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15-16-18 Mile Creek - Niagara Peninsula Conservation Authority

15-16-18 Mile Creek - Niagara Peninsula Conservation Authority

criterion for

criterion for determining upland suitability is the proximity of an area to a significant patch. Areas within the closest proximity to existing forest patches with the highest Natural Heritage Score, or core size, are considered the most suitable for upland restoration because these sites will increase interior habitat. Additional criteria and the weighting scheme are presented in Appendix E. A series of habitat restoration suitability maps are provided (Figures 18 - 20). Fifteen Mile Creek Restoration Strategy The Fifteen Mile Creek watershed offers numerous opportunities for ecological restoration in terms of riparian, wetland, and upland restoration and enhancement. For example, riparian buffers are lacking in the upper portion of this watershed (above the Niagara Escarpment) (NPCA 2006b). Therefore, numerous suitable areas have been identified for riparian restoration in this portion of the watershed. In addition, wetland suitability is highest above the Niagara Escarpment, especially in the western portion of the watershed. Upland restoration suitability dominates the Fifteen Mile Creek watershed with ample suitable areas above and below the Niagara Escarpment, which is especially important for creating ecological linkages between existing natural areas for the movement of wildlife, and to enhance habitat diversity. Opportunities for ecological restoration and enhancement are abundant in the Fifteen Mile Creek watershed provided public and private partnerships can be established in the watershed. Maintaining and enhancing the integrity of the Carolinian forest community is also a priority in this watershed. The Fifteen Mile Creek Watershed Restoration Strategy identifies four zones with specific stewardship and restoration recommendations (Table 7). 1) Fifteen Mile Creek below the Niagara Escarpment: For the most part, streams in this portion of the watershed have well established riparian buffers with the exception of some tributaries that flow through agricultural fields. Opportunities for upland and wetland restoration and enhancement are more prominent. For example, natural areas around Fifteen Mile Pond would benefit from extending the buffer to create a larger upland area for habitat diversity, to create an ecological linkage to the adjacent Sixteen Mile Pond, and to protect the wetland ecosystem in the Fifteen Mile Creek Pond. The wetland ecosystem would also benefit from further study and follow up restoration measures to enhance wetland features such as aquatic habitat. All wetland areas in this portion of the watershed would benefit from ecological enhancement and protection because this area has been delineated as a potential groundwater discharge area (Figure 13). 2) Fifteen Mile Creek: Niagara Escarpment Corridor: A large section of this portion of the Fifteen Mile Creek watershed falls within the Fifteen-Sixteen Mile Creek Valleys Area of Natural and Scientific Interest (ANSI), and riparian and upland areas are well established in the ANSI. However, opportunities do exist to expand the size of existing upland areas to increase natural heritage core areas and ecological linkages along the Niagara Escarpment. Wetland suitability is low due to the topography and physiography found in this section of the watershed. 3) Fifteen Mile Creek Headwaters: The boundary of the headwaters area of the Fifteen Mile Creek watershed are defined as the area south of Fourth Concession Road, south of Metler Road and extending to the watershed boundary. Opportunities for riparian restoration and enhancement are numerous in this portion of the watershed, and establishing a healthy riparian buffer is especially important in the headwaters because the headwater wetlands and tributaries form the starting point of Fifteen Mile Creek. Poor water quality in the headwaters can potentially impact all downstream ecological and human uses of the creek’s water. In addition, the headwaters in the eastern portion of this watershed flow from the Fonthill Kame-Delta Complex, which means that tributaries originating here are likely groundwater fed, and would therefore have cooler water temperatures. Cool water temperatures in this section of the watershed provide suitable temperatures for a diversity of aquatic life. Wetland suitability is also high in the headwaters portion of the watershed. An extensive area of high wetland suitability along the east branch of Fifteen Mile Creek and its tributaries exists in an area bounded by Metler Road, Maple Road, Regional Road 20 and Vineland Townline Road. Suitability in this portion of the watershed is also high because it is a potential groundwater discharge area (Figure 13). Upland restoration suitability is also high in this portion of the watershed. However, upland restoration should focus on sites adjacent to existing natural heritage areas to create larger contiguous areas to increase ecological habitat and for the movement of wildlife. Given the lack of buffers (NPCA 2006b) in this portion of the watershed, riparian restoration and cattle fencing should be a priority to enhance water quality in the headwaters. 4) Fifteen Mile Creek above the Niagara Escarpment (remainder of the watershed): The Fifteen Mile Creek watershed above the Niagara Escarpment contains many areas with high to moderate suitability for riparian restoration. In its Fifteen-Sixteen-Eighteen Mile Creeks Watershed Geomorphic Assessment (NPCA 2006b), the NPCA reported that farm level crossings are in very poor condition in this portion of the watershed, and vegetative buffers in both urban and rural areas are lacking, which is contributing to erosion, sedimentation and poor water quality. As a result, priority should be placed on riparian restoration in this section of the watershed to improve stream morphology and improve water quality through the reduction of sediment entering the stream. High to moderate restoration suitability is also found throughout the Fifteen Mile Creek watershed for wetland and upland restoration. However, given the results of the Geomorphic Assessment (NPCA 2006b) for this watershed, attention should first be placed on riparian creation to improve water quality. 46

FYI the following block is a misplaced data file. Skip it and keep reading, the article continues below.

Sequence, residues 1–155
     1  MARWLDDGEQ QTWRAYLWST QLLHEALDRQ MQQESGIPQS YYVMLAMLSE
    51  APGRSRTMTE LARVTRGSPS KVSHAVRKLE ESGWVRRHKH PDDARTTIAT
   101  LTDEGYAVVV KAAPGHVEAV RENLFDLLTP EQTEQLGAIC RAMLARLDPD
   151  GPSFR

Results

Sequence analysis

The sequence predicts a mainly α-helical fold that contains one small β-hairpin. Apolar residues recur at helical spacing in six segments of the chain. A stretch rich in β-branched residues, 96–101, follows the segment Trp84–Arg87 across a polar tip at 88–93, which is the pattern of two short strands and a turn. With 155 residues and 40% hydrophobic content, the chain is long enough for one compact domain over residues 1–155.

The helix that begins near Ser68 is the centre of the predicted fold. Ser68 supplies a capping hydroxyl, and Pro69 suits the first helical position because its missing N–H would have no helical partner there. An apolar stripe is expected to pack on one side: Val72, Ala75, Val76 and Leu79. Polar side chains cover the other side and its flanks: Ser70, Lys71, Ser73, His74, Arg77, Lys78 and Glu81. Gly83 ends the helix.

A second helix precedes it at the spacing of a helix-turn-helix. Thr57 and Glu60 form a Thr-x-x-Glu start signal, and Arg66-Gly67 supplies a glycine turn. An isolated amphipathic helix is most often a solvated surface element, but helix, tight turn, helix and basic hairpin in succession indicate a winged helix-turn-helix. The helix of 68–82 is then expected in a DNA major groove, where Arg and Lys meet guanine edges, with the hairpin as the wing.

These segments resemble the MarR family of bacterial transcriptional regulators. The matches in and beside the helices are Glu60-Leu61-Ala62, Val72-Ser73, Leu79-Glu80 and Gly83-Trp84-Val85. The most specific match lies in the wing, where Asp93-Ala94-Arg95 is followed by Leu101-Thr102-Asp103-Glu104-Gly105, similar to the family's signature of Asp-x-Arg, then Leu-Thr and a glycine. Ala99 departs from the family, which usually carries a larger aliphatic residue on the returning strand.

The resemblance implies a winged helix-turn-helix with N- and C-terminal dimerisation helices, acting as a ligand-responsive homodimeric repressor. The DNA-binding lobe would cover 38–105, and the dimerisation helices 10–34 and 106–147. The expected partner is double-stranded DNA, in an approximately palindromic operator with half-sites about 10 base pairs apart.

Table 7: Fifteen Mile Creek Watershed Restoration Actions RESTORATION OPPORTUNITIES RECOMMENDED RESTORATION STRATEGIES RIPARIAN WETLAND UPLAND AND ECOLOGICAL LINKAGES BELOW THE NIAGARA ESCARPMENT (INCLUDING FIFTEEN MILE POND) Many sections of Fifteen Mile Creek and its tributaries run through agricultural lands with little or no buffers; riparian buffers will help to reduce sediment and cool the water to enhance water quality and fish habitat along the length of the watercourse before discharging to Fifteen Mile Pond and Lake Ontario Enhance existing wetlands as natural flood storage reservoirs Enhance Fifteen Mile Pond wetland communities Create new wetlands in areas where the wetness index and soil drainage permit (e.g., high wetland suitability along western bank of the main branch of Fifteen Mile Creek below the escarpment) highly suitable upland restoration areas adjacent to the main branch of Fifteen Mile Creek, Fifteen Mile Pond and adjacent to existing natural areas Create and enhance Carolinian Canada’s “Big Picture” and Regional Niagara’s Regional Policy Plan Amendment 187 identified ecological corridors along the main branch of Fifteen Mile Creek extending to the Niagara Escarpment Carolinian and native species should be used in all restoration projects NIAGARA ESCARPMENT CORRIDOR Riparian habitat is well established in this section of the watershed; focus should be on maintenance and enhancement, and protecting Carolinian and rare species in the Fifteen-Sixteen Mile Creek Valleys ANSI Wetland suitability is low due to topography and physiography in this section of the watershed Upland suitability mapping indicates a high suitability for upland restoration adjacent to natural heritage areas; focus should be on increasing core size of natural heritage areas, filling in gaps between adjacent areas and creating ecological linkages with adjacent watersheds that are consistent with Carolinian Canada’s “Big Picture” and Regional Niagara’s Regional Policy Plan Amendment 187(e.g., enhance and join cluster of natural areas between Sherk and Bossart Roads. A possible contiguous extending from north of Baker Street north to Miller Street in Usshers Creek subwatershed) Carolinian and native species should be used in all restoration projects 47